College of Mass Communications Dean Roy Moore, left, smiles as MTSU President Sidney A. McPhee the unveiling of a plaque with the names of Cornerstone Donors during the Center for Innovation in Media's grand opening. (Photo by Andy Heidt)
MURFREESBORO — Students, faculty, guests and reporters converged on a media event April 12 in one of the most appropriate places on MTSU’s campus: the new Center for Innovation in Media.
MTSU’s College of Mass Communication formally unveiled the new almost-$700,000 facility inside the Bragg Mass Communication Building as part of the University’s Alumni Spring Weekend celebration.
It combines the newsrooms for Sidelines, the student newspaper; WMTS-FM, the student-run radio station; MT Records, the student-run record label; MT10, the student-operated cable television station; and WMOT-FM, the 100,000-watt public radio station at MTSU.
“This new center reflects the new world of media convergence,” said MTSU President Sidney A. McPhee. “… A graduate must (now) have a working knowledge of web and print writing, video and still photography, nonlinear editing, podcasting, graphics and social media. Those well-trained and diversified students are the job applicants that are being hired in this challenging career field.”
MTSU’s new center enables students from all media disciplines to hone their real-world skills while working under one roof in a state-of-the-art facility. Inside, students write stories for print and the Web, create audio versions of the same stories for broadcast on radio stations and provide video versions of those stories for use on MT10 and on the station and center websites.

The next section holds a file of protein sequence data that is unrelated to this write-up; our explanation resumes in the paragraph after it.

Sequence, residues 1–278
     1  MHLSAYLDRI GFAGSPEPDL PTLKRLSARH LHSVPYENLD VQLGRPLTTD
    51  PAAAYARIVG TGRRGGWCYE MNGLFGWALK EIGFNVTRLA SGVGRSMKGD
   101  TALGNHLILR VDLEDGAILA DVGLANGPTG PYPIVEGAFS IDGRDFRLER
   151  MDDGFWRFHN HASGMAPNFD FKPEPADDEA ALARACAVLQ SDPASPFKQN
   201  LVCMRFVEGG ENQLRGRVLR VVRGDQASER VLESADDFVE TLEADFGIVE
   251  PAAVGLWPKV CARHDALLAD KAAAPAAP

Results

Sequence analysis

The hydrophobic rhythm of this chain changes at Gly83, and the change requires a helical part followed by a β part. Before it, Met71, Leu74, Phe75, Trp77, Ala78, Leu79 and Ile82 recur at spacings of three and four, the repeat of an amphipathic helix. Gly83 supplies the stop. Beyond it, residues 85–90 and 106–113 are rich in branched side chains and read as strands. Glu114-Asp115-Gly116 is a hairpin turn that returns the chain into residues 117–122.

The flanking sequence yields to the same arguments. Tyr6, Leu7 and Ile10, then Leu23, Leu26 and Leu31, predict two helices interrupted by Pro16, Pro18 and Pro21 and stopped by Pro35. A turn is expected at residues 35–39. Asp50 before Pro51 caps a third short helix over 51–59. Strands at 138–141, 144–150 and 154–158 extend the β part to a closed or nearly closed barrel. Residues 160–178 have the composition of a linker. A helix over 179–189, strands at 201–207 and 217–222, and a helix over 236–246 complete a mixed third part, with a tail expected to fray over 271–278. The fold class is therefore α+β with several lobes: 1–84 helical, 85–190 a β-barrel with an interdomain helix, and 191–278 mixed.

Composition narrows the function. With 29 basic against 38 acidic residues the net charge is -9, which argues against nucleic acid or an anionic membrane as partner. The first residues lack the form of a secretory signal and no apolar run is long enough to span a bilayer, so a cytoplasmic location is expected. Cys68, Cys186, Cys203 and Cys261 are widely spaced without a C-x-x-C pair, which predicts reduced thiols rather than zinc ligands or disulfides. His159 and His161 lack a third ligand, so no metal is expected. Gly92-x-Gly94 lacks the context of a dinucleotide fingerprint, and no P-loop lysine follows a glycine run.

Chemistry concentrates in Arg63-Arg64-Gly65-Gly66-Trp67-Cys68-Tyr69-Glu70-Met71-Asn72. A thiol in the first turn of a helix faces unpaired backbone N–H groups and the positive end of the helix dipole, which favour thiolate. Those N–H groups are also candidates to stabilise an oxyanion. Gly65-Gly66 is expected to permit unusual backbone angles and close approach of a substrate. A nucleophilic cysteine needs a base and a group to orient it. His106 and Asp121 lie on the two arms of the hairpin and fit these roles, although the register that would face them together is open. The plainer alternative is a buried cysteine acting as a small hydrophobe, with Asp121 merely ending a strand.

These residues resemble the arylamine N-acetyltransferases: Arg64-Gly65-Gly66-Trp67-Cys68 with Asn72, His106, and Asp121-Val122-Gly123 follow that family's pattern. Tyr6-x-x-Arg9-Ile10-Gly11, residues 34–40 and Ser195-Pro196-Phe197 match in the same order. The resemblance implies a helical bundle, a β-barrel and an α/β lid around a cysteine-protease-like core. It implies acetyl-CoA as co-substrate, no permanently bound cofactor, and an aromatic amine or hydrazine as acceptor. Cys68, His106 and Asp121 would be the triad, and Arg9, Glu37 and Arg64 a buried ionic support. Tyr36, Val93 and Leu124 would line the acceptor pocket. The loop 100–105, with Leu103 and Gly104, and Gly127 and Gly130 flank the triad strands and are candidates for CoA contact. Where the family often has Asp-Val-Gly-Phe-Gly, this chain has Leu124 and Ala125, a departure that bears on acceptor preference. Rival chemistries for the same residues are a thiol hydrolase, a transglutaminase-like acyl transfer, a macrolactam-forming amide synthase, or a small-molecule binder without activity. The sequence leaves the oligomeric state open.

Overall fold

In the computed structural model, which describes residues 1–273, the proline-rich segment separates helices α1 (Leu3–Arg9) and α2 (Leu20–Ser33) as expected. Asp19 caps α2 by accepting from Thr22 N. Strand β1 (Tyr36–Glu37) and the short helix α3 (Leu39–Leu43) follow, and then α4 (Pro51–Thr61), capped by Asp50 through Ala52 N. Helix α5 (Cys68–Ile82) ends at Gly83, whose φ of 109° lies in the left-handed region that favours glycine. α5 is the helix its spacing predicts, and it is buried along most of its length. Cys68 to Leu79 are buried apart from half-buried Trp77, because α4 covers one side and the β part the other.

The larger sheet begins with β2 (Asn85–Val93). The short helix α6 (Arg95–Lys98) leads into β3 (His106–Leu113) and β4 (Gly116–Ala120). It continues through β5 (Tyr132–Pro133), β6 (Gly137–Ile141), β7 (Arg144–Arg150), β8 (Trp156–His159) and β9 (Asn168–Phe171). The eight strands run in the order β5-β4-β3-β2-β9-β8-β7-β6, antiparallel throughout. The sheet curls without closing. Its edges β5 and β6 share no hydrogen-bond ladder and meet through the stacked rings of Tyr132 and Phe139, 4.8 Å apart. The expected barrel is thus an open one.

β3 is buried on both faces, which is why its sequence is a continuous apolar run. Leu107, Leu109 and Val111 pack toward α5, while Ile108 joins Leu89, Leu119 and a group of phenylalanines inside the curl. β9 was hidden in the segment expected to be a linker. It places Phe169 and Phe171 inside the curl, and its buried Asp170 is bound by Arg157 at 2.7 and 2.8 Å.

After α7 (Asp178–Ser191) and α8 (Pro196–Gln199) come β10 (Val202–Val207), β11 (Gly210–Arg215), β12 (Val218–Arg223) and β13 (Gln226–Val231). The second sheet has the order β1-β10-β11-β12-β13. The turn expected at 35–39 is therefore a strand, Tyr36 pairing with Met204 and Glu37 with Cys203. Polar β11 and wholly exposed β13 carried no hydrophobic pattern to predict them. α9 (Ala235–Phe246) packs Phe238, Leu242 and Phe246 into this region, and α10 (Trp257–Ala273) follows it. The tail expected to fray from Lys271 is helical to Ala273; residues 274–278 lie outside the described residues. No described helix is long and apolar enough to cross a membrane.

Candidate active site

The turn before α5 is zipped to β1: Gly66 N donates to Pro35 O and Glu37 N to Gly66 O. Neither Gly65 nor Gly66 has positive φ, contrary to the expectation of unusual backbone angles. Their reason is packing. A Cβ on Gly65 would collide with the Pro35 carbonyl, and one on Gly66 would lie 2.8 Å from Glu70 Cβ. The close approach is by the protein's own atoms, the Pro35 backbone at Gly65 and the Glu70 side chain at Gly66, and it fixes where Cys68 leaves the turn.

“We saw that we could bring together in one physical space all our student media and WMOT,” said Dr. Roy Moore, dean of the College of Mass Communication. “Dr. John Omachonu (former associate dean) and I had no idea where we’d find the space or find the funding, but we had a vision. And this is it.”
Moore thanked the college’s Cornerstone Donors for their support, a group that includes Dr. Richard Campbell, former director of the School of Journalism; Gannett media operations in Murfreesboro, Nashville and Clarksville; the Tennessee Association of Broadcasters; the Tennessee Press Association; former Knight-Ridder vice president Virginia Dodge Fielder; former professor and music journalist Beverly Keel; CNN executive producer Jeffery Reid; First Amendment defender John Seigenthaler; and Verizon Wireless.
“Our students are now more than ever able to separate themselves from the crowd and be the people the industry wants,” said CIM Director Stephan Foust.
“We at WMOT have already seen an increase in student involvement and started working with many more students interested in developing audio-production and broadcast news-reporting skills,” added WMOT Station Manager Henri Pensis.
“Very few institutions in this country are providing this experience for their students, so not only will the Center for Innovation in Media benefit its individual media organizations, it will also benefit the students who take advantage of this opportunity to get a huge head start on their competition in the new media landscape.”
Amanda Haggard, a senior journalism major and editor-in-chief of Sidelines, summed up the accomplishments and the potential of a facility open only since January and already making a change in the way students learn.
“The center is a huge asset in bringing all our programs together,” she said. “The partnerships we built can only get stronger in the future, and I can’t wait to see what else will come out of the Center for Innovation in Media.”